Track 8, also by Wolfie, is his Concerto For Piano Number 15 In B Flat Major K450. This was one of two concertos that Wolfgang managed to knock out in a single week. There are not many recordings of this particular one which has wonderful cadences and transitions all over the place, and some strange modulation in the first movement. There are also long and passionate segments and a delightful short development section. The piano is played, quite superbly, by Arturo Benedetti Michelangeli (died in 1995).

Track 9 is the Presto from String Quartet No .13 Grosse Fuge, Opus 130 by Ludwig Van Beethoven, here performed by the Alban Berg Quartett. This work is unusual among quartets in being written in six movements, and the Presto is the second. The Grosse Fuge itself is actually the sixth movement and comes in three parts: Overtura, Allegro, and Fuga. So this is the Presto, not the Grosse Fuge. That said this is amongst Beethoven finest works. The late quartets are considered his most transcendent pieces containing astonishing experiments in thematic development and musical form that laid the foundation for innovations in 20th Century string quartet writing, especially in the works of Bartok and Shostakovich. This is not easy listening. Although outstanding for its technical intricacies, it appears to be disharmonious and depressing, but take some time and after multiple listens the disharmonious chords start to "fill in the blanks", like the basic colours of a half-tone printer creating new colours, and the piece becomes a brilliant, intricate, and beautiful piece of art.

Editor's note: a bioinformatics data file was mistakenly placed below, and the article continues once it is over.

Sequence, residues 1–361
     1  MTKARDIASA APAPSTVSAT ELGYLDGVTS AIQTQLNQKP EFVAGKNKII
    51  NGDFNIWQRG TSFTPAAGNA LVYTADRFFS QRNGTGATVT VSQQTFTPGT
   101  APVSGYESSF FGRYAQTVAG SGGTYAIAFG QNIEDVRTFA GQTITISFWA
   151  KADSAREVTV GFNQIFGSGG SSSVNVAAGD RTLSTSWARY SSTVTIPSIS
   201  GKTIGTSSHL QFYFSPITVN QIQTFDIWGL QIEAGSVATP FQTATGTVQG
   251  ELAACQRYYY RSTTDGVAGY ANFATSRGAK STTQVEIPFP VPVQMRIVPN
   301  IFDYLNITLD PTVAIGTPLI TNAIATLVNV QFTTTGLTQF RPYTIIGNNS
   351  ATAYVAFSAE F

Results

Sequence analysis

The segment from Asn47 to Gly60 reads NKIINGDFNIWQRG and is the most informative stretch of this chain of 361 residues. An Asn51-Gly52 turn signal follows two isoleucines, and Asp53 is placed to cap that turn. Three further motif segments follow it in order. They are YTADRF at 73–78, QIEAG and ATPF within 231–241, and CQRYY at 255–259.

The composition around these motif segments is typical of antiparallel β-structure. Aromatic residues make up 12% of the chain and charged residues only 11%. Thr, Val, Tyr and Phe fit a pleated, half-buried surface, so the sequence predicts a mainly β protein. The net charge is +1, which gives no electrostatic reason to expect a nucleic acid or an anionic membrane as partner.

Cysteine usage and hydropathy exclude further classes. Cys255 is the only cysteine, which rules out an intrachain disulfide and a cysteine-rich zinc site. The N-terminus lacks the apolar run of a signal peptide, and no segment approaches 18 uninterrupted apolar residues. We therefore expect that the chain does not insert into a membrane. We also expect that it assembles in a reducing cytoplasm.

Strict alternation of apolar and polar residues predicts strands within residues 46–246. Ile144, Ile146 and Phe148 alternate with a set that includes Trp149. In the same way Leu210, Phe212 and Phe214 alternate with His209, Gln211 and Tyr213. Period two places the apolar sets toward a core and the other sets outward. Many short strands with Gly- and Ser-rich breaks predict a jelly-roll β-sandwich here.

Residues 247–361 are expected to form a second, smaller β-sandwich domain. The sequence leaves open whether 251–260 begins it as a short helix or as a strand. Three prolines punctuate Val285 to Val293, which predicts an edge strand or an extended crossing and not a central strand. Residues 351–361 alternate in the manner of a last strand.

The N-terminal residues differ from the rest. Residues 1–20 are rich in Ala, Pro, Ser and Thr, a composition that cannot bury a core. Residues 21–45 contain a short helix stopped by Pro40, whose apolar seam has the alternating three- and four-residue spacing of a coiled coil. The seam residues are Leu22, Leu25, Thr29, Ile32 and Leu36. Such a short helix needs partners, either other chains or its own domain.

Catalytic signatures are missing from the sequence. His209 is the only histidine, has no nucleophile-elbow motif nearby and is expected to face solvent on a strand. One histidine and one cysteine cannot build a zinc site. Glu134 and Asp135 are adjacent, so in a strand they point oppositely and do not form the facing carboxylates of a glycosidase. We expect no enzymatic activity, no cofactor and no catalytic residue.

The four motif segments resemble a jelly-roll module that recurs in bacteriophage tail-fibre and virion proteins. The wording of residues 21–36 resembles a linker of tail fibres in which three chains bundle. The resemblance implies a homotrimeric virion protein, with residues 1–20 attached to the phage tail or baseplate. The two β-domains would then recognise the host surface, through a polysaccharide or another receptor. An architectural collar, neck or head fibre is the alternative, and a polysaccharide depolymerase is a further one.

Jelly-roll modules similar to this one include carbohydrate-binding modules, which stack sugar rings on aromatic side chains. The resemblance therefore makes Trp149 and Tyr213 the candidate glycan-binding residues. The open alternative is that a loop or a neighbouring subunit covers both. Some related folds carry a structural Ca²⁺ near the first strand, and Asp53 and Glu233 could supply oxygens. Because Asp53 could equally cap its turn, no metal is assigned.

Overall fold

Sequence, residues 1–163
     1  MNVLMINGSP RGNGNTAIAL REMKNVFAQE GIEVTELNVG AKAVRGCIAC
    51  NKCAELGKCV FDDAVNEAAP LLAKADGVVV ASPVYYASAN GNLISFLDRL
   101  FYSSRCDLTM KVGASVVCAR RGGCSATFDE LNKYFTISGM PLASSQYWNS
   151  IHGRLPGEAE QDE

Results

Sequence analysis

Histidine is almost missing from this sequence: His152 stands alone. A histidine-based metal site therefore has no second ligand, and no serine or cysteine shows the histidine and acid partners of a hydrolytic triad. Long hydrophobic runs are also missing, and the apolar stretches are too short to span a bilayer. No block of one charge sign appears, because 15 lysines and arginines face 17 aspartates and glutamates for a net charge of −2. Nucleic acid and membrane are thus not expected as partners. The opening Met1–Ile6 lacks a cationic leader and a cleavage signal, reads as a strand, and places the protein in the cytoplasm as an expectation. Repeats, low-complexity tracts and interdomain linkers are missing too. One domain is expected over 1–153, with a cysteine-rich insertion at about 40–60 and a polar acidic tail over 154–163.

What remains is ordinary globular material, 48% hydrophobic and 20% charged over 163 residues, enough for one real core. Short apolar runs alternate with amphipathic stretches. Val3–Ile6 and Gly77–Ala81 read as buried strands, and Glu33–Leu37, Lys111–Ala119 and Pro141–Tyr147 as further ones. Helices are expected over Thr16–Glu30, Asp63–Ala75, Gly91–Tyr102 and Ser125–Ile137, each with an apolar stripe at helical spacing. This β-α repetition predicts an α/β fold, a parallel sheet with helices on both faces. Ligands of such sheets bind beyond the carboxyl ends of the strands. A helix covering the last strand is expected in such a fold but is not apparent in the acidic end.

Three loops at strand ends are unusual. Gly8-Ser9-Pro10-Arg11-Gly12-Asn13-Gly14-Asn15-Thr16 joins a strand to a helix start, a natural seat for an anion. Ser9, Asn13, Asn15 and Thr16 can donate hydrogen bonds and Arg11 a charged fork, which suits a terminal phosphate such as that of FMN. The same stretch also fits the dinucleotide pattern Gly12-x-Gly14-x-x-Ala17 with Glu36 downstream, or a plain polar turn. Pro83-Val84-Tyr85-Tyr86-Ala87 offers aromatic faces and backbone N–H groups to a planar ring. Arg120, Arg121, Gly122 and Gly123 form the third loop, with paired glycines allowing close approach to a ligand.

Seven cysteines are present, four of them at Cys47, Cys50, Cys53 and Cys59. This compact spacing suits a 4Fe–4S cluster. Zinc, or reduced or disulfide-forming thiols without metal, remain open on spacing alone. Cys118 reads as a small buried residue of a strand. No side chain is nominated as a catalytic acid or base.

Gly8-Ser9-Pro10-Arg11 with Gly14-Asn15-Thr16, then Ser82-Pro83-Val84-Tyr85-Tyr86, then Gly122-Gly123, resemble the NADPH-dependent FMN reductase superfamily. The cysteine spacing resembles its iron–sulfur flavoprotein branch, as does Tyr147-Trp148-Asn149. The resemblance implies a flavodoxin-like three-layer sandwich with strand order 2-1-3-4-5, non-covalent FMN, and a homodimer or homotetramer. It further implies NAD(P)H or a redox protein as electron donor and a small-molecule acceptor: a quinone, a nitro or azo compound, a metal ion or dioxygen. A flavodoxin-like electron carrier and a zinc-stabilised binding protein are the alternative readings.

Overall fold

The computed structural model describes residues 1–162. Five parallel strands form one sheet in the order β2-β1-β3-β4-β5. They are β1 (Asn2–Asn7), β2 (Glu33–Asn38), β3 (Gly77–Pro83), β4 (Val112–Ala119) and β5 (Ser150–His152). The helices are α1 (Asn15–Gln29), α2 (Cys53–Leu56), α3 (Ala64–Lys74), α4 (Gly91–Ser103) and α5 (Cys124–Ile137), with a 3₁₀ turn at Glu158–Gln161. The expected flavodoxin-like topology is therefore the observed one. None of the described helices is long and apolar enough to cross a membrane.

Track 10 is Hab' Mir's Gelobt from Der Rosenkavalier (The Cavalier of the Rose) a comic opera in three acts by Richard Strauss, the orchestra conducted by Mr Pheloung. The story centres on the shifting romantic attachments of four principal characters. It’s a bit like a Brian Rix farce, but after some rather convoluted plot twists, the two younger characters get it together. This except comes from Act III, about half way through, and three of the characters perform a Trio, i.e. big operatic singing by three people.

And finally, Track 11 which is Terzettino ‘Soave Sia Il Vento’ from Cosi Fan Tutte by Wolfgang Amadeus Mozart and conducted by Pheloung again. Cosi is two act comedy opera that whilst acceptable in 18th century Vienna, was considered risqué throughout the 19th and early 20th centuries. The plot concerns Ferrando and Guglielmo who have a bet with old cynic Don Alfonso that their fiancées, sisters Fiordiligi and Dorabella, are faithful. Alfonso makes them pretend to leave Naples and return disguised as Albanians (why?!?). Despina, the sister's maid, works to help Alfonso prove his point about women's fickleness, and everyone falls in love with the wrong person, until all is put right and there's some moralising about forgiveness. This Trio occurs in Act I, as a the boat with the men sails off to sea, Alfonso and the sisters wish them safe travel Soave sia il vento - "May the wind be gentle". This is a popular piece having been used in a Mercedes advertisement and also the film Sunday, Bloody Sunday.